Leaving it to Congress put an unusually glaring spotlight on how Capitol Hill does business. The spectacle of Congress’ horse-trading, secrecy and gridlock has fueled today’s virulent anti-Washington mood. The public’s reaction was all the greater because Obama had campaigned on a promise to change the way Washington did business, and because healthcare reform engendered such personal high hopes and anxiety…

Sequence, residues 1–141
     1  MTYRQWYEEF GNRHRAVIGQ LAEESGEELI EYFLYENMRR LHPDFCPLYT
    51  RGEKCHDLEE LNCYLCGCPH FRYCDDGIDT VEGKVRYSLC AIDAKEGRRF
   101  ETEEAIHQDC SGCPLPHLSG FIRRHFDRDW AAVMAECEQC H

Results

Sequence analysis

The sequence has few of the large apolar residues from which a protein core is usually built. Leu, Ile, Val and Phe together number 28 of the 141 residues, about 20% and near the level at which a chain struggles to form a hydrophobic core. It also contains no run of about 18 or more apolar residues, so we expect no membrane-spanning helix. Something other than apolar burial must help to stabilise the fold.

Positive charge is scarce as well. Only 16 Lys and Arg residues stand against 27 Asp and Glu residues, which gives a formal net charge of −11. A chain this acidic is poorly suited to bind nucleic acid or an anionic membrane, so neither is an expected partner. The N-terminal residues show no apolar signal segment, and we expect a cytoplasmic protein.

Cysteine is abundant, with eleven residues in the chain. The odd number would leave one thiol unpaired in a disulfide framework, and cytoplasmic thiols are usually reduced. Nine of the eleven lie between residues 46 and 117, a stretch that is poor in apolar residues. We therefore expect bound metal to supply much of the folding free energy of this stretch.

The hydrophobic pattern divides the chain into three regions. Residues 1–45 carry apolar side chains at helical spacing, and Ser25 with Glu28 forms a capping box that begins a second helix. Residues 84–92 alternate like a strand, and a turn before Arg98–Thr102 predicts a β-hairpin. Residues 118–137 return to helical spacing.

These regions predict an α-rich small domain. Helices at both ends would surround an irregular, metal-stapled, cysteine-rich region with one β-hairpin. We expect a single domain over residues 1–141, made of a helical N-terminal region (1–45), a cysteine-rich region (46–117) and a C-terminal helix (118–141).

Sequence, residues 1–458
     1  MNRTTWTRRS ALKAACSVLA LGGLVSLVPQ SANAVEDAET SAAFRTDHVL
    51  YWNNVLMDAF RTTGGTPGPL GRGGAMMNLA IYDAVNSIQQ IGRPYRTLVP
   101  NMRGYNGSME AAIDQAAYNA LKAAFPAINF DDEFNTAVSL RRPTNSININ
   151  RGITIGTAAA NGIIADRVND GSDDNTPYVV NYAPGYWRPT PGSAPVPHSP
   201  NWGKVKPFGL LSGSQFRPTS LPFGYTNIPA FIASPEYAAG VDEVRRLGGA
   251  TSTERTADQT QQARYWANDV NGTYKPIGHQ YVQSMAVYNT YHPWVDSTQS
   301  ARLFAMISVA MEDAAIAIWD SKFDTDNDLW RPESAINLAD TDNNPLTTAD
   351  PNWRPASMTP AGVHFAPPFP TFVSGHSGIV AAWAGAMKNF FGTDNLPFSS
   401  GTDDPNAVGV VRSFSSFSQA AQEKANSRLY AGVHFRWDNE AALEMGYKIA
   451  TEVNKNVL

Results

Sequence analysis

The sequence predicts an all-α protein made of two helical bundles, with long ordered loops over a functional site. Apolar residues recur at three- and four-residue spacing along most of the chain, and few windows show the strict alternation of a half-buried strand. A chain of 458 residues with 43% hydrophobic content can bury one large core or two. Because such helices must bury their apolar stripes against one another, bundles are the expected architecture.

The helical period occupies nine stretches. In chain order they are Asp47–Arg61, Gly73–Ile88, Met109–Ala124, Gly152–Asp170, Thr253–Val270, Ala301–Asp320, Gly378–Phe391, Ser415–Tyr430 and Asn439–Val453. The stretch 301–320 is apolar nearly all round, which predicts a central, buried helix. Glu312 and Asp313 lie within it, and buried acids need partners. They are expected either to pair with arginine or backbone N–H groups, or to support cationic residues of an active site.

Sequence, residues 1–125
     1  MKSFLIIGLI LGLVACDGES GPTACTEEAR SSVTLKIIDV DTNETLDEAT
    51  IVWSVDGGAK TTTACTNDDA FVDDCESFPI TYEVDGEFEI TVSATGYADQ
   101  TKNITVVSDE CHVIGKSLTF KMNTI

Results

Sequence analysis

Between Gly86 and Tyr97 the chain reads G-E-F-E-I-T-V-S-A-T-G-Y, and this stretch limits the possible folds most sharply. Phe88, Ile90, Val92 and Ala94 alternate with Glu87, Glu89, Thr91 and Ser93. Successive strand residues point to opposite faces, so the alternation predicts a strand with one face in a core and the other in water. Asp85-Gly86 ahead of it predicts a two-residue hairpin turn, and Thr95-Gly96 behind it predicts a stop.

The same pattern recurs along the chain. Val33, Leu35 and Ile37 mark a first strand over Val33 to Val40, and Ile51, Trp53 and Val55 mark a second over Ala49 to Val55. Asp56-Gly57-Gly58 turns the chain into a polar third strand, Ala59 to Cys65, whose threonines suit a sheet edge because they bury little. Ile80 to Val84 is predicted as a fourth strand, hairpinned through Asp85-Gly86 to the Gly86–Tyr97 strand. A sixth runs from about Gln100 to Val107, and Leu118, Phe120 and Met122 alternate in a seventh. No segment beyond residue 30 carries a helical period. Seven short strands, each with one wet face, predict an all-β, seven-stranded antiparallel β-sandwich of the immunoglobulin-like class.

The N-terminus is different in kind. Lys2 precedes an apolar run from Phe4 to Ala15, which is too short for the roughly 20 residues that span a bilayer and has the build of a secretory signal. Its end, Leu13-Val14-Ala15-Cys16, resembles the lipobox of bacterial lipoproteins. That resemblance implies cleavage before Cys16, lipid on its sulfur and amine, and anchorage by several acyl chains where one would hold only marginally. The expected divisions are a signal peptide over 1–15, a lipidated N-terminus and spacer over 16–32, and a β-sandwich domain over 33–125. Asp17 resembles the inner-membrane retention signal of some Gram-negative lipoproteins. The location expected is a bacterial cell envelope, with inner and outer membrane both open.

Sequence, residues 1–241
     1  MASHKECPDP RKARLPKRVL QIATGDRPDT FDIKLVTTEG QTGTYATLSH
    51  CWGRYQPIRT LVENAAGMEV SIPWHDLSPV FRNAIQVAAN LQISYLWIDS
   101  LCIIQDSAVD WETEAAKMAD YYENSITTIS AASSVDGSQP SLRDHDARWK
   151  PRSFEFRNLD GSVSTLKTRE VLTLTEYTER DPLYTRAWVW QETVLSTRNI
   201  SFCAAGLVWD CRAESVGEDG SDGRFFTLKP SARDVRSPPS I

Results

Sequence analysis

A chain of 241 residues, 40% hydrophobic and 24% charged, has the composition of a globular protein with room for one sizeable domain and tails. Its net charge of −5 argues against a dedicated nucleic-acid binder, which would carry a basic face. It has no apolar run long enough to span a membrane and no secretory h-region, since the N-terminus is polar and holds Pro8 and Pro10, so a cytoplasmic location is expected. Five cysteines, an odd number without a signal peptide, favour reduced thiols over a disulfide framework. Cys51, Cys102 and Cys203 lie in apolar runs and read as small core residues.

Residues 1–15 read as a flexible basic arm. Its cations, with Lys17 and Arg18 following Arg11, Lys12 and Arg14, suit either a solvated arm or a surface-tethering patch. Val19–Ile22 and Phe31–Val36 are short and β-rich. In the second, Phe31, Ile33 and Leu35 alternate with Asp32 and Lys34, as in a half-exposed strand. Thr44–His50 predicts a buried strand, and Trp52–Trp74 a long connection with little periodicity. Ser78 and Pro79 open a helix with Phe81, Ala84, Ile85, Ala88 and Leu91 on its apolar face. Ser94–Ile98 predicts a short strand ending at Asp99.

But Obama himself helped bring on the backlash.
“In 2006 and 2008, voters threw out Republicans and thought things would change,” said Frank Luntz, a Republican pollster. “Now they see it’s even worse. Because of YouTube and Facebook, and you can watch TV on your cellphone, we know these deals are happening. We assumed they happened 20 years ago, but we know it today.”
That’s one reason Obama has called a healthcare summit this week — to try to renew the debate on more pristine terms. Even if nothing comes of the talks, they are designed to spotlight on national television precisely the bipartisan, high-minded debate that Congress’ year-long process was not.